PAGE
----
Building a Product vs a Platform

17th Jul 2012
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One of the reliable ways that a company can build a long-lasting, sustainable competitive advantage in the tech business is to transition from building just a product into building a whole platform. Building a "platform" usually means allowing third-parties a way to plug in to your product and offer platform-level services so that they can leverage your core product and build on top of it. In effect, you build an eco-system around your product, extending the benefits of your product to your partners and to your users. If done right, it results in a win-win-win: Your users get the benefit of a broader set of features, your partners are able to leverage your platform to reach more users, and you also benefit by "renting out" your core assets.

But before a platform can work, it has to have one key ingredient - A monetizable, core asset. This is the core asset that your product is really good at building, and this is the asset that you allow external partners access to. This is far more tricky than it sounds, and often times it is very hard to even recognize what the "core asset" is.


platform

Lets take Facebook as an example. Facebook has differentiated itself from all the social networks that came before it by building a platform. But what is at the core of this platform? What is Facebook's most valuable, core asset that they have managed to monetize so well?It is tempting to say that Facebook's core assets are its users but I don't think that is it. Facebook freely allows access to your friends list, and any app can easily request permission to view your friends and friends-of-friends, and could potentially duplicate the whole friends graph. In fact, through the open-graph API, facebook easily (and freely) gives out access to this information. What Facebook has really built up at its core is not just users but user's profile and interest information.

Facebook has painstakingly collected very detailed information about each one of its users - what their interests are, what activities they usually engage in, what kinds of games they play, what kinds of things they consume and spend their money on, and a hundred other small pieces of information about every user. Facebook can use this information to then deliver targeted ads, which is what they monetize. And the platform allows external parties - Game and App developers, external websites etc... to plug into the platform and get access to Facebook's social and interest graphs, and in return, Facebook collects even more information about how its users are accessing partner's apps and games and websites. The spreading of the "Like" button across the web, for example, allows Facebook to now track what is users are doing across the web rather than just inside Facebook.com.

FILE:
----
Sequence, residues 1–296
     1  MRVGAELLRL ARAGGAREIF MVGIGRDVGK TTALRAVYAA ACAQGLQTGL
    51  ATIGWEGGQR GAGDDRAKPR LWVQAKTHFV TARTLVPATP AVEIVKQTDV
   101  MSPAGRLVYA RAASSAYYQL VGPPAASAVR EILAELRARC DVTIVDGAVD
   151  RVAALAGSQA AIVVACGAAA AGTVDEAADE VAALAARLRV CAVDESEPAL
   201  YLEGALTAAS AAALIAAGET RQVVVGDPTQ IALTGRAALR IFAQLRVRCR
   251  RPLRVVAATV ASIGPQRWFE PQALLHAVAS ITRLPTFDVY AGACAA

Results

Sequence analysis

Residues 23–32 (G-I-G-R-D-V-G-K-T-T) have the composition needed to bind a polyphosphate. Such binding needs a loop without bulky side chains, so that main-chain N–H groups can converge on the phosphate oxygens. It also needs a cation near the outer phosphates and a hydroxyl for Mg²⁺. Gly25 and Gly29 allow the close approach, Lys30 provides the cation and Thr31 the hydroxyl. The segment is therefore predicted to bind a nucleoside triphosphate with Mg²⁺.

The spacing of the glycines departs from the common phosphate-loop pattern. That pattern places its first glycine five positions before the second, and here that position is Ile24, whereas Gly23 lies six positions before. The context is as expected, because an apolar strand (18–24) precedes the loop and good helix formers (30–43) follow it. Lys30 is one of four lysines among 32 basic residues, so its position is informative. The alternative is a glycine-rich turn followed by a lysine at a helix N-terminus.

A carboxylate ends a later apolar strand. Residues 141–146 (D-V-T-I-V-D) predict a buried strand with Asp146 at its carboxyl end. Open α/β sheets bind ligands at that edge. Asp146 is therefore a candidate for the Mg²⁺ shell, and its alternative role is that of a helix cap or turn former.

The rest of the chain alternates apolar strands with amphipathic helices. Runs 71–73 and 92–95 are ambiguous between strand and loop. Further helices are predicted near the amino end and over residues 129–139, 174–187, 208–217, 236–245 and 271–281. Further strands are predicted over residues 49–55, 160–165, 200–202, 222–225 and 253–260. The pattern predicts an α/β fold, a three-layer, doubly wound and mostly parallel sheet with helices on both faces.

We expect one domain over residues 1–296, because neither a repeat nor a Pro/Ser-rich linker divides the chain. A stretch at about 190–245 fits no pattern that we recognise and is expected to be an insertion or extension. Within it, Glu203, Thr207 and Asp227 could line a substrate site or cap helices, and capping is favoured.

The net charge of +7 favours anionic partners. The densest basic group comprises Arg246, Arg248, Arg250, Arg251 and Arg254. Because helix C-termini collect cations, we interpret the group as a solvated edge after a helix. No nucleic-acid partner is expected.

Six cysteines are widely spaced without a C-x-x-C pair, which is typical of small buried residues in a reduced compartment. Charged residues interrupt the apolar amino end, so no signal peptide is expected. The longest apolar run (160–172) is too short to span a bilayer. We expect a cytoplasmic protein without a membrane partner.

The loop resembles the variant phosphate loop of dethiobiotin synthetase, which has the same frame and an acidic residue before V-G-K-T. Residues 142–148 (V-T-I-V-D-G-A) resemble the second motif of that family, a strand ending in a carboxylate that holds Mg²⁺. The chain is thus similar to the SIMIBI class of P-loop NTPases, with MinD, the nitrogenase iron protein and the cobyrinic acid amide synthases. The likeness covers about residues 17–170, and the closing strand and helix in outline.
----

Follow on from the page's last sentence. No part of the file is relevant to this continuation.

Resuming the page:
Another great example of a platform is Amazon.com's marketplace. Amazon allows trusted third-parties to list their stuff on the amazon.com website, and makes all that searchable. Users can then browse through that selection and order stuff off of Amazon.com, and the third parties fulfill the orders. In the past few years, Amazon has extended this program to sell not just physical goods, but also digital goods like e-Books, Apps, Songs, Movies and a whole lot more. It's an e-commerce site that has successfully become a platform of choice for both consumers and sellers. So what makes Amazon's platform tick? Is it the users that come in to the site every day? Is it amazon's powerful recommendations system?

I don't think it is any of that. All of that can be replicated, and e-Commerce sites have usually very little "differentiation". So what is that asset that Amazon has that no-one else can replicate? I think it is the ~150 million credit card details that it has in its database. Amazon has collected all these credit card details and built a "one-click" shopping experience (which it infamously patented). It is the most friction-less check out process there is. You can literally buy stuff with just one-click, which is such a huge asset for capturing impulse shoppers. And Amazon allows third parties access to plug into the platform and take advantage of the friction-less shopping experience, which they will not be able to duplicate on their own sites. And for some sellers, it is actually more profitable for the sellers to list on Amazon rather than doing their own e-Commerce site. That's the holy grail of a platform!

Amazon has very cleverly used their core asset - the millions of credit card details - to successfully enter related areas like Mobile Apps and Movie Downloads. Apparently, developers are making more money from the Amazon android app store than Google's own android app store!

At the end of the day, building a whole platform can be a very good strategy. If done right, it creates large, sustainable competitive advantages, and can be very lucrative. But to execute on a platform strategy, you need to be very clear what the core, monetizable asset of the product is, and the product has to be very good at building up the core asset. Often, it is not obvious what the core asset is, and discovering it can be a hard task. But if your product has such an asset, you must consider opening it up via a platform strategy and developing an eco-system around it.

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